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Originally Posted by Byron Kinnaman View Post
Since these are equal and opposite forces there cannot be any transfer of force to the tow vehicle.
Correct. The hitch is not trying to push the tug forward, or pull it rearward; there is no net horizontal force. It is also not fundamentally trying to lift it up, or squash it down... although tug is lifted somewhat by the trailer due to the reactions to this torque. In this respect, the Andersen design is just like every other WD system.

The tug must react to this torque on the hitch head. The reaction comes from increased force downward against the ground at the front tires, and reduced force downward against the ground at the rear tires and at the hitch. Just as with the hitch components, this is parallel forces separated by distance - in this case vertical forces of one or two hundred pounds separated horizontally by several feet for a typical FiberglassRV hitch user - forming a force couple.

The trailer is on the other side of the WD mechanism, so it must react too, in the opposite direction. The forces are reduced net force downward on the hitch and increased downward force at the trailer tires. Typically for travel trailer and tug, these forces are still smaller than ones on the tug, because they are more widely separated.


Although everything about WD systems - including this one - is relatively basic physics, most people who don't take an active interest in mechanical design have difficulty understanding them.
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Old 07-28-2013, 02:44 PM   #60
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Originally Posted by David78073 View Post
A conventional system can practically transfer all of the weight
There's the problem - all what weight? The amount of load to transfer to properly use a WD does depend on the hitch load (if the intent is to return the front axle to non-trailering load), but it also depends on the tug's wheelbase and rear-axle-to-hitch distance.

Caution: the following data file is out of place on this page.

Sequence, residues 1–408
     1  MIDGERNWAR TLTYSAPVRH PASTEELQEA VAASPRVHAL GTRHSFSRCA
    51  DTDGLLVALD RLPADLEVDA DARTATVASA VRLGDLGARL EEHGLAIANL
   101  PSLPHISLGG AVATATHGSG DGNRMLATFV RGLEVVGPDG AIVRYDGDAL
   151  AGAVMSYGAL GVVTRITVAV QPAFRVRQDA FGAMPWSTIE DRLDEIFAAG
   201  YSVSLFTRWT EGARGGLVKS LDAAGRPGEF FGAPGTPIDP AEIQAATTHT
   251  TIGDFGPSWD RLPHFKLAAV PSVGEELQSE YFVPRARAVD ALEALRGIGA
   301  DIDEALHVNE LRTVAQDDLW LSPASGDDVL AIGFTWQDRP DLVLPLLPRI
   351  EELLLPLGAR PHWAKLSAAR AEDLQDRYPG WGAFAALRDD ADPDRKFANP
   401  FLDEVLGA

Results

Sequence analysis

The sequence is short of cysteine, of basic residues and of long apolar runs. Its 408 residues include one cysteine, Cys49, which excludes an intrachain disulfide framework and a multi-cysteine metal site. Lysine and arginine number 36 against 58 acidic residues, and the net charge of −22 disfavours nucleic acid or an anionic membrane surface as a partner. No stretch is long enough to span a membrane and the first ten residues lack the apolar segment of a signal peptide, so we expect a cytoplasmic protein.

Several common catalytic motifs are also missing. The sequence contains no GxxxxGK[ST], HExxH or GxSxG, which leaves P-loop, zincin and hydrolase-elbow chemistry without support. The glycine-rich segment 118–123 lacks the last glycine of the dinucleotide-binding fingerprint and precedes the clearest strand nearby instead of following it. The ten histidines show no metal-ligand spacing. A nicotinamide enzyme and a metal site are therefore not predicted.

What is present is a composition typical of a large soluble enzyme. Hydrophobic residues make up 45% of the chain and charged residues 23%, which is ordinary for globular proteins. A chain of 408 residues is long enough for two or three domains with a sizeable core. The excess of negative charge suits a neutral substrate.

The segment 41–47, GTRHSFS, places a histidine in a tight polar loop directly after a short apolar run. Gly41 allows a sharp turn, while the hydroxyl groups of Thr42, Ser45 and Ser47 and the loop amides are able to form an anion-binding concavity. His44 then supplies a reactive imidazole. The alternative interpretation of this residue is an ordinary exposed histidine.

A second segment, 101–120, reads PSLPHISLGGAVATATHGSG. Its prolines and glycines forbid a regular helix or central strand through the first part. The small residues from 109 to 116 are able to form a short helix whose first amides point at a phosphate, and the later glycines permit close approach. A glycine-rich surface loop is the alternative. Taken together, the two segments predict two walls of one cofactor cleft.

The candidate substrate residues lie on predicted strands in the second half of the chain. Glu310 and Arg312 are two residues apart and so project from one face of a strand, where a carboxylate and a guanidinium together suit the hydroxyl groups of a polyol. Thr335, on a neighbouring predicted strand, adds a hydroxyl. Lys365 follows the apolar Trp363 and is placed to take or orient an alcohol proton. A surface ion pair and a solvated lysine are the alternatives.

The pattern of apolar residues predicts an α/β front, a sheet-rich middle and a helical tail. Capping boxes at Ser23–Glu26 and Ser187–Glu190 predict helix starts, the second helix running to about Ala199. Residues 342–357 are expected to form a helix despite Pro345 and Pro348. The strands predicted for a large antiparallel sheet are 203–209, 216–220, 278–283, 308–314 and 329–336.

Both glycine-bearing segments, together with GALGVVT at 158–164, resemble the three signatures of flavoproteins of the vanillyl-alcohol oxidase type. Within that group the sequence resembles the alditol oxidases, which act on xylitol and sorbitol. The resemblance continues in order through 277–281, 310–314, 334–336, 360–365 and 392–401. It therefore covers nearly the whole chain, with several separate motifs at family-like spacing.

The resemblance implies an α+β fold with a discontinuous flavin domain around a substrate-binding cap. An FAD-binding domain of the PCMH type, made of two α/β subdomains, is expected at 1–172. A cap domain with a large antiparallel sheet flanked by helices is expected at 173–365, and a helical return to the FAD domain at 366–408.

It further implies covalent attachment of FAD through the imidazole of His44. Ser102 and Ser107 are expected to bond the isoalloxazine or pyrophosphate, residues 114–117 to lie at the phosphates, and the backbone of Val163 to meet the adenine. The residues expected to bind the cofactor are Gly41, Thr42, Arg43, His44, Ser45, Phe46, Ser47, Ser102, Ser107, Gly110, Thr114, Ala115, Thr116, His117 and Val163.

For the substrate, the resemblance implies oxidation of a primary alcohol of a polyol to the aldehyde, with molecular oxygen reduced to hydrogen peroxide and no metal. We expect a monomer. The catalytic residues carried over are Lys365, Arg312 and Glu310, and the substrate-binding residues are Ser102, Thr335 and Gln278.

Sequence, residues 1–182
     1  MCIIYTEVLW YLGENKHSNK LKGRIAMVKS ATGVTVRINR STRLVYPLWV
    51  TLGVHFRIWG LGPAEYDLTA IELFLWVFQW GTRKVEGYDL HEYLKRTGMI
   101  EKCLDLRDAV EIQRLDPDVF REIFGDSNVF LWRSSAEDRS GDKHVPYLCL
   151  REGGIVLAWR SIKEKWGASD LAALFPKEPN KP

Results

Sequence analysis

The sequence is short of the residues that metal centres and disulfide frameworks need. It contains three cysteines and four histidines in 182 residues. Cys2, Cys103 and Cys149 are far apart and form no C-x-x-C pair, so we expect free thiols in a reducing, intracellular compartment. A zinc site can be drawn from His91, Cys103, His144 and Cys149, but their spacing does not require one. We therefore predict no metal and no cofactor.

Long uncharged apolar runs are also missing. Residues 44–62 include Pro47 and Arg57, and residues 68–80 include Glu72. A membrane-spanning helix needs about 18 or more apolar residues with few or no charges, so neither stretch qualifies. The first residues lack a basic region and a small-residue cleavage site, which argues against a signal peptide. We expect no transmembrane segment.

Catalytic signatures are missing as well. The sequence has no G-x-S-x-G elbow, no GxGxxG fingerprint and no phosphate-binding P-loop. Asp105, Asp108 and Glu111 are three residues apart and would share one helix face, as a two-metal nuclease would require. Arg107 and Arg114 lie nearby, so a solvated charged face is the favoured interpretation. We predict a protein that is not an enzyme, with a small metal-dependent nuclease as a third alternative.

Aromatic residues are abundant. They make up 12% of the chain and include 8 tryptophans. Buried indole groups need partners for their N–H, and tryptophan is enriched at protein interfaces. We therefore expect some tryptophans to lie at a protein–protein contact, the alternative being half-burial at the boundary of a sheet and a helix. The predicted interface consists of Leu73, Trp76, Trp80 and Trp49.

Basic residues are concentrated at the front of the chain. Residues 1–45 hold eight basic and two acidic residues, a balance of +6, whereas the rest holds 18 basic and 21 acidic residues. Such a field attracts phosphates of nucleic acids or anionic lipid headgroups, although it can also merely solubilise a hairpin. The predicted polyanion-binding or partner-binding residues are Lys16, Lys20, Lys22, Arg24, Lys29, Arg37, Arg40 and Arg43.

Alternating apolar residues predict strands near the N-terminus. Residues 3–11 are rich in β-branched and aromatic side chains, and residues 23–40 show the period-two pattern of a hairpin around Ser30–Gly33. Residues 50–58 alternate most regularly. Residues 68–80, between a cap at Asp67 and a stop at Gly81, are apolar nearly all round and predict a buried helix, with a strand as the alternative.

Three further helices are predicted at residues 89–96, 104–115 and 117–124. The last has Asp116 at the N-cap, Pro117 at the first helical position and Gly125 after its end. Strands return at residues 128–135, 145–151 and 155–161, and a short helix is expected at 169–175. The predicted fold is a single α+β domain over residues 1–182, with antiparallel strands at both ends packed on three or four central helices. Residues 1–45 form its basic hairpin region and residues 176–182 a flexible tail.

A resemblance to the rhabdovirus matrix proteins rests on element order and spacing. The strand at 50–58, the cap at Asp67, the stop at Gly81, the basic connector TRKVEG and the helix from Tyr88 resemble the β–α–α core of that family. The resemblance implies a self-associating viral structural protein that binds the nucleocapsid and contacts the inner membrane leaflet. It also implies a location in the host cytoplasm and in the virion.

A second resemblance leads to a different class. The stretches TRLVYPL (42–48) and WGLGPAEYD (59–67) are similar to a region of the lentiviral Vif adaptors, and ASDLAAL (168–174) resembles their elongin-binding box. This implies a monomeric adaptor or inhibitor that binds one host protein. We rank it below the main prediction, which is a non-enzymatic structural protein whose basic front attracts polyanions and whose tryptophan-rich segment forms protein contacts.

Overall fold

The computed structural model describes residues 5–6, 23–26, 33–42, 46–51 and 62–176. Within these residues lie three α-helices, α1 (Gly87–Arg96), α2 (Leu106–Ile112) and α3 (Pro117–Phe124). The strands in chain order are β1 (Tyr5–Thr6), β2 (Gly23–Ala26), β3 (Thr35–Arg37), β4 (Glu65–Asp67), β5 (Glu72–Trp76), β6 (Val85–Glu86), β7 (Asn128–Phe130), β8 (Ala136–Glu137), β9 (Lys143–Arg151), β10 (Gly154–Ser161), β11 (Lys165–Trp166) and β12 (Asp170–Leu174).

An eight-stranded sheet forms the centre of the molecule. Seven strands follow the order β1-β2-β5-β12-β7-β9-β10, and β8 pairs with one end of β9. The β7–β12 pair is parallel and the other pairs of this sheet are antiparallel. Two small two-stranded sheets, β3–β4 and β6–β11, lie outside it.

It doesn't matter if a system can be modified and abused to lift the tug's rear axle - enough capacity for operation is what matters, and there is no common definition of that. Since the Andersen No-Sway is intended by the manufacturer for use with typically configured rigs having up to 1400 pounds of hitch weight, it presumably has enough capacity for any of our trailers if properly installed.

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... my 22' HiLo has a 750# system, my 29' HiLo has a 1400# system...

***the 1400# system will make the vans rear tires just barely touch the ground as the tounge weight of the 29' is only 700#...
That's a colourful description, but I'm sure if you grab one of those rear tires you will be unable to budge it. This is a common problem with discussion of WD systems, although usually regarding the front axle: people say that after the trailer is hooked up and without WD the front tires are "barely touching", when if fact they are carrying only a few percent less load than without the trailer. If the (overly stiff or not) WD system is applied to return the front axle to its non-trailer load, then the rear axle is still carrying even more than it would without the trailer - a ton or so depending on the size of the van.
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Old 07-28-2013, 02:56 PM   #61
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... I did learn how to discern between horizontal and vertical. I just don't see what horizontal movement has to do with weight distribution. Potential for sway, yes.
Jim, you don't see it because it does not exist. I agree, yaw oscillations (relative motion between the tug and trailer about the vertical axis, or in the horizontal plane) do not change the WD action of the Andersen No-Sway system.
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Old 07-28-2013, 03:24 PM   #62
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There are many sources that talk about the WD limitations of the Andersen. Post #684 here sums it up the best. Also review the many weigh scale slips posted by Andersen users and you will see it is very limited by it's design.